Answer: Does the Bible command that women wear something on their heads when they pray? Some modern-day religious groups do require their females to wear a head covering.
For example, the Amish require their women to always wear (whether in church or not) a covering called a kapp. The kapp is typically white and is worn directly over the hair. The justification for this practice is taken from 1Corinthians 11 where the Apostle Paul is discussing how women should present themselves when they pray or speak.
Paul informed the Corinthian church that, " . . . every woman (Greek gune) who has her head uncovered when she is praying or prophesying puts her head to shame . . ." (1Corinthians 11:5, HBFV throughout). After several verse comparing how men and women should present themselves before God he states, "You judge for yourselves. Is it becoming for a woman (gune) to pray to God uncovered?" (verse 13).
There is one crucial fact often overlooked (but implied) concerning Paul's statements regarding women when they pray (which also applies to 1Timothy 2:11 - 12). This misunderstanding is the reason why some religious groups even make young (pre-teen) girls wear a covering, all the time, over their head.
The Greek word translated "woman" in the above Biblical quotes, and in verses 6 through 12 of 1Corinthians 11, is gune. This word refers to a female who is married. It does not refer to all women, everywhere, regardless of age or marital status! Strictly speaking, these verses only concern married couples when they pray and not unmarried females!
What is also lost on many people who study these Bible verses is that the context of 1Corinthians 11 is speaking more of spiritual things rather than physical things. These verses mean far more than merely putting a veil or hat on one's head. They concern the attitude of a person towards one who is in authority over them. As Paul mentions in verse 3 of the chapter, God the Father is in authority over Jesus Christ, who is also a member of the Godhead. If Christ is subject to the Father then man needs to be subject to Christ (John 13:13).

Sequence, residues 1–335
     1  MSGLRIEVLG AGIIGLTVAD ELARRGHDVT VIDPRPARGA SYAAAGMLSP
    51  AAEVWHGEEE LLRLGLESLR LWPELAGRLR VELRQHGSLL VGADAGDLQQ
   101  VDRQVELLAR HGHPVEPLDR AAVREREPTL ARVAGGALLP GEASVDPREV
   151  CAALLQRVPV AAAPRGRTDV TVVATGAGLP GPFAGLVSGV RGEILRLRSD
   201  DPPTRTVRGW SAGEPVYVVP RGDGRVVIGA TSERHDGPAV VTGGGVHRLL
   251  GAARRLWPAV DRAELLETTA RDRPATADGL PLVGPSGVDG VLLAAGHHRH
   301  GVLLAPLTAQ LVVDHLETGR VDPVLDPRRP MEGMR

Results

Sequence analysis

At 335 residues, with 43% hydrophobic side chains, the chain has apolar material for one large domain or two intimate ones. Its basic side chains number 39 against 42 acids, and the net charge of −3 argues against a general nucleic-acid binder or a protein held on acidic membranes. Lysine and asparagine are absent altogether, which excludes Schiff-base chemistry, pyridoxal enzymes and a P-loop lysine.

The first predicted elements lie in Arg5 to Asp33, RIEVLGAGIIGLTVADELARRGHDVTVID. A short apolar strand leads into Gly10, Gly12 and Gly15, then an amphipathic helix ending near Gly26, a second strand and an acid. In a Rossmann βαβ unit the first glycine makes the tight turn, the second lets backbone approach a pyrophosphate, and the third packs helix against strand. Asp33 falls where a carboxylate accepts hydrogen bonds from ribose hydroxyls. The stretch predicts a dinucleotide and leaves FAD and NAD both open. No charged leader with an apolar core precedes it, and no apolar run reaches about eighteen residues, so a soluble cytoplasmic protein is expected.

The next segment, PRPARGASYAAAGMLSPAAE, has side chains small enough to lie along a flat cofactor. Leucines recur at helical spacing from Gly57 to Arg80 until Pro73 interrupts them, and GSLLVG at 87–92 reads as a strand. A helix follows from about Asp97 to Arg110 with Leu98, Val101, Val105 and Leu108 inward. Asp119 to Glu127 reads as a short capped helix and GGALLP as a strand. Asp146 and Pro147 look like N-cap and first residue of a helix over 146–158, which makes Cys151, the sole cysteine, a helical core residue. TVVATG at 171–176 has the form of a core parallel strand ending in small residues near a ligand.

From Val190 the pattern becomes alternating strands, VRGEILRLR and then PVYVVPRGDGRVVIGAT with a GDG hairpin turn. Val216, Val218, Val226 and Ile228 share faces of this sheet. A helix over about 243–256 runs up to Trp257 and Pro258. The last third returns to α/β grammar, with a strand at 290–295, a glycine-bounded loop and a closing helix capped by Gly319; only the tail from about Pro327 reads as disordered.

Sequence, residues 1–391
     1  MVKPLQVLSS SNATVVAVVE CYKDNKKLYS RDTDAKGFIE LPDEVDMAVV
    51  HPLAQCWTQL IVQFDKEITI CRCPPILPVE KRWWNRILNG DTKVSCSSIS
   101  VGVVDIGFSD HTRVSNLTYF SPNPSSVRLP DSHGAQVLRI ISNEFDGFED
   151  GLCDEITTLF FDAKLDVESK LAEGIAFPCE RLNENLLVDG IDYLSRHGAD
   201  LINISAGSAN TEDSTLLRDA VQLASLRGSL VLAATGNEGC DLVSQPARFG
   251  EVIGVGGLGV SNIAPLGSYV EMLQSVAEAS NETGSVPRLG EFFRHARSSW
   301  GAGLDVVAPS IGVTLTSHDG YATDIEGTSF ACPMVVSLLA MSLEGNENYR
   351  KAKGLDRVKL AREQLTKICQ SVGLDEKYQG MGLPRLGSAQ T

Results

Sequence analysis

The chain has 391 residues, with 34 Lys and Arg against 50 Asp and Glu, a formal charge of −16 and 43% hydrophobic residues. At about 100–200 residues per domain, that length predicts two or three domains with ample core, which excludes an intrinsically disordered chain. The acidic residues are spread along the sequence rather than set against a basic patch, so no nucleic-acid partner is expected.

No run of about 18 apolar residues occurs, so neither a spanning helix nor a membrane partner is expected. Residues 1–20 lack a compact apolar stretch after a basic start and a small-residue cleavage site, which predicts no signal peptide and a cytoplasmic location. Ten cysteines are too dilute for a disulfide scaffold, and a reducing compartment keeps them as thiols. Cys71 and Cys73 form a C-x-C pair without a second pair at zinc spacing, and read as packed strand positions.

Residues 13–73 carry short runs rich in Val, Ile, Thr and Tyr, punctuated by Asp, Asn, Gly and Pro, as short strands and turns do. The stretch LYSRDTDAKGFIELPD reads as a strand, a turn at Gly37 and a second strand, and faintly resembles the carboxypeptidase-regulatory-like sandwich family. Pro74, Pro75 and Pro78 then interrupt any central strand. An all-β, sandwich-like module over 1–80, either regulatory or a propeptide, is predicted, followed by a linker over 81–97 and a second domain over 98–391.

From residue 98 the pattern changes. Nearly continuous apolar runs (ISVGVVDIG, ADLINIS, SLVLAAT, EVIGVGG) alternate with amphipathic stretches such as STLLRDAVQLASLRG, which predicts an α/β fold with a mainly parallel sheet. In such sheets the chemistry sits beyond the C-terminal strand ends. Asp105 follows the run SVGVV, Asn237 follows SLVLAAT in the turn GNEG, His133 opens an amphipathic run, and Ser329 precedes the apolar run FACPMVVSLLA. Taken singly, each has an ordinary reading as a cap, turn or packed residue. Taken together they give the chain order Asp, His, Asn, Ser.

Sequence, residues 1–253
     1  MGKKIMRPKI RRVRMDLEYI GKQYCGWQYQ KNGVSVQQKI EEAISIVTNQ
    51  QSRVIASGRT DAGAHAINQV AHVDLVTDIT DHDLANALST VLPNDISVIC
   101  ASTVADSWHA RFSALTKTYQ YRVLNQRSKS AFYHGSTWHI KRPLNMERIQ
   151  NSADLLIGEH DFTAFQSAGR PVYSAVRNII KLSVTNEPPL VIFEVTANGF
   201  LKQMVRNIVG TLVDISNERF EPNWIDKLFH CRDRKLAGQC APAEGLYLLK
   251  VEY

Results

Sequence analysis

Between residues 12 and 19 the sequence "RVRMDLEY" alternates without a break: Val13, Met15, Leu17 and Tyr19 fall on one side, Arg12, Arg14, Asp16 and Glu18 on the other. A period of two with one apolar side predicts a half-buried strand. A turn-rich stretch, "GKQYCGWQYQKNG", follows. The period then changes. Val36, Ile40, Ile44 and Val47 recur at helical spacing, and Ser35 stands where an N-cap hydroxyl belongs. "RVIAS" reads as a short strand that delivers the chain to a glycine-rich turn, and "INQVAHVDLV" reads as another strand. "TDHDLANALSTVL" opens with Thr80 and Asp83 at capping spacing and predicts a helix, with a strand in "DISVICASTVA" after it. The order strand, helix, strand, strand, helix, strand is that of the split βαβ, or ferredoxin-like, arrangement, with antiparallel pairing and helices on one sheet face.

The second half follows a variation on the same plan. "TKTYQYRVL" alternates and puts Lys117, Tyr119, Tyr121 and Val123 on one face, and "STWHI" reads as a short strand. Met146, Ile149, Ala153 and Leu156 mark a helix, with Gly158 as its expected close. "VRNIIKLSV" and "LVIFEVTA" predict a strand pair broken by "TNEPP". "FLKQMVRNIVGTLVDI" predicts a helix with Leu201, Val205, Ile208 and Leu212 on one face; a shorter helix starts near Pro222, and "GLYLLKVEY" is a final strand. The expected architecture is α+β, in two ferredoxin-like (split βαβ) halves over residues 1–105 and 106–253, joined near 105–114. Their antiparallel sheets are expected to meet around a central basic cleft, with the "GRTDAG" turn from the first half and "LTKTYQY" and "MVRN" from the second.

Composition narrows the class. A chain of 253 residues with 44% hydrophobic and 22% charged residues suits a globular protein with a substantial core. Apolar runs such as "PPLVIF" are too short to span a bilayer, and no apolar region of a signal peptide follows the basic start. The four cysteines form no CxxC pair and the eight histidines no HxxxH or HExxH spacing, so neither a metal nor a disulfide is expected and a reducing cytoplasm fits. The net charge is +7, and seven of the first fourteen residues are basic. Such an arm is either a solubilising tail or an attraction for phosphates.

Paul's discussion concerns the situation where married women pray or teach, with their heads 'uncovered," in the presence of their husband. But what does it mean to have their head uncovered? He tells us in verse six that it would be a disgrace for a wife to cut her hair too short or shave it off. This type of action expresses an attitude of rebellion. He then states the following, "For this reason, it is necessary for the woman to have a sign of being under authority on her head because of the angels" (1Corinthians 11:10).
Simply stated, a married woman should have long hair so that heavenly angels can differentiate between husbands and wives (1Corinthians 11:10) just in case an angel has to quickly intervene to protect "the weaker vessel." Verses 13 to 15 of the chapter confirms the fact that the "covering" women are meant to have, especially when they pray, is long hair.
Although both men and women are equal in God's eye, and joint heirs of eternal life (1Peter 3:7), a wife is nevertheless to be subject to and under the authority of her husband. The sign of this natural order is her long hair. At the very least, these often-debated verses should not be used as the definitive proof that all females should wear a head covering either when they pray or do other activities.